Four Ways to Make Easier Transitions Between Work Time and Personal Time
The transition to working from home to just being at home can be hard in normal times. It’s even harder to make that transition during a global pandemic.
To do your best job at work (or "at work"), you need to have some time off work as well.
“Physical presence doesn’t always equate to mental presence,” Elizabeth Grace Saunders says in Harvard Business Review. “You could be sitting at your desk but more preoccupied about a home repair than the assignment at hand, or you could be at the kitchen table thinking more about the proposal you have to finish than the people eating dinner with you.”
Saunders offers four ways to make the transition between work time and personal time easier.
Have a starting work routine
On Mister Rogers’ Neighborhood, Mister Rogers started his time with his audience by taking off his jacket and changing shoes. The routine signaled to himself and to his audience that the setting had changed. It’s not necessarily what you do that is important, but like Mister Rogers, it’s having the routine itself that is key.
You could have a cup of coffee before turning on your computer to read emails. Or, read the news before checking your to-do list for each day.
“Whatever works for you, try to do those activities in the same way each day,” Saunders says. “The point behind this is to prime your brain that this is now ‘work’ time.”
Make a plan
Having a plan for work time and for down time helps delineate the two.
“Knowing that everything has a ‘place,’ such as a time during your work day when you will work on a presentation or a time in the evening when you can research activities for your family, helps you to not feel like you have to do work during personal time or vice versa,” Saunders says.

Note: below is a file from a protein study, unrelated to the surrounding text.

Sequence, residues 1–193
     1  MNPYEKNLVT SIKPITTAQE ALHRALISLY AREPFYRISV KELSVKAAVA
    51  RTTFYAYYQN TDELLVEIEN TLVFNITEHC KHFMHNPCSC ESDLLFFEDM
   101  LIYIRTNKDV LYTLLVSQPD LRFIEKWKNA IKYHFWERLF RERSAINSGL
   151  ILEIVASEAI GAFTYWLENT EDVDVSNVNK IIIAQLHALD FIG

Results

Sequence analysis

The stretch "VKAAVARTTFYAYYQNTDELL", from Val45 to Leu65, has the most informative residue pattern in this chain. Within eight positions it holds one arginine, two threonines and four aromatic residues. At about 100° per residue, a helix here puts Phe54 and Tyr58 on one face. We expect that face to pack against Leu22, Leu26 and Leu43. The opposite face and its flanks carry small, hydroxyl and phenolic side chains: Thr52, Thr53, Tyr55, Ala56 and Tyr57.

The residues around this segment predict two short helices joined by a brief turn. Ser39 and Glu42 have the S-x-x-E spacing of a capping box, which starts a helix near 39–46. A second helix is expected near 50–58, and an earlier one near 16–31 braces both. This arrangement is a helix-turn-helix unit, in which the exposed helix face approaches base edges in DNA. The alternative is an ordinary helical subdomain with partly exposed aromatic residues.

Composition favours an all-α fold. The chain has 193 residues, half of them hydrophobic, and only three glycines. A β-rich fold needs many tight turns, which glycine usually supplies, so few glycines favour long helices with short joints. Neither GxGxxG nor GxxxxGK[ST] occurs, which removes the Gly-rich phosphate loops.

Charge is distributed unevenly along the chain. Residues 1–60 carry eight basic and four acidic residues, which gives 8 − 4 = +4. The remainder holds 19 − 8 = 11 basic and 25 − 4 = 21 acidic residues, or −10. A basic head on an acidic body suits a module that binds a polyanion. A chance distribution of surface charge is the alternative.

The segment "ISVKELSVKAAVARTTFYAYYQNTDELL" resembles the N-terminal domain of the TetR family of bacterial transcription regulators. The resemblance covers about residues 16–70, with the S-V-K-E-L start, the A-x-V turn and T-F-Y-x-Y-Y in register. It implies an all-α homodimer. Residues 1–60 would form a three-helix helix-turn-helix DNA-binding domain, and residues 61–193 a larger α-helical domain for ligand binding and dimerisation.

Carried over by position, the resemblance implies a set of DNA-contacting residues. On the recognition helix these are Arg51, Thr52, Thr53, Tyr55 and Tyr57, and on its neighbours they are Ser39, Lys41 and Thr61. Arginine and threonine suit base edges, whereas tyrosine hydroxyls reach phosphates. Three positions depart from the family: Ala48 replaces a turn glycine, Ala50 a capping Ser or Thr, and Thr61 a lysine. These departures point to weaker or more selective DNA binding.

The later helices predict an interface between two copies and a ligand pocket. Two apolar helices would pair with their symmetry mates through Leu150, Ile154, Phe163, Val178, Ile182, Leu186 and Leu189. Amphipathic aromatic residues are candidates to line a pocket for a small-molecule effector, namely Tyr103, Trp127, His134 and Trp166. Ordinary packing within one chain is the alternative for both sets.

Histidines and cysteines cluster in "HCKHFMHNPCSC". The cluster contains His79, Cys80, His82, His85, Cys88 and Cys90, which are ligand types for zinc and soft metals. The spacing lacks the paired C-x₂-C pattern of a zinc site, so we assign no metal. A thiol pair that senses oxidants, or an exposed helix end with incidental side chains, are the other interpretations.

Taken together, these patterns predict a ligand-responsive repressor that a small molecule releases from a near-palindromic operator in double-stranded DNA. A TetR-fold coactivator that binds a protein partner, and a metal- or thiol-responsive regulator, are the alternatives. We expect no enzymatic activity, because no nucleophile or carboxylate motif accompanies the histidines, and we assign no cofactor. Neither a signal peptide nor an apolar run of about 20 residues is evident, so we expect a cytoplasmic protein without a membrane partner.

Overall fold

Prioritize your communication
There are times when you may have to engage in personal communication during the workday, but try to keep it to a minimum. Focus on communicating your work with your appropriate internal or external audiences. On the flip side, try to not answer work emails once you’re done working for the day.
“This will not only keep your time invested in the right places but also keep you mentally present in both your professional life and personal life,” Saunders explains.
Set up a wrap-up routine
By this time, you should have set up a routine to start work. It’s also important to set a routine for the end of the workday.
“This could include doing a final check to make sure that all critical emails have a response, looking over your task list to know that you have completed what’s essential,” Saunders says. “And if you do realize that you will need to work later at night, decide on exactly what you will complete and when.”
Focusing on your work is just as important as focusing on your personal time, so it’s important to take steps to do both.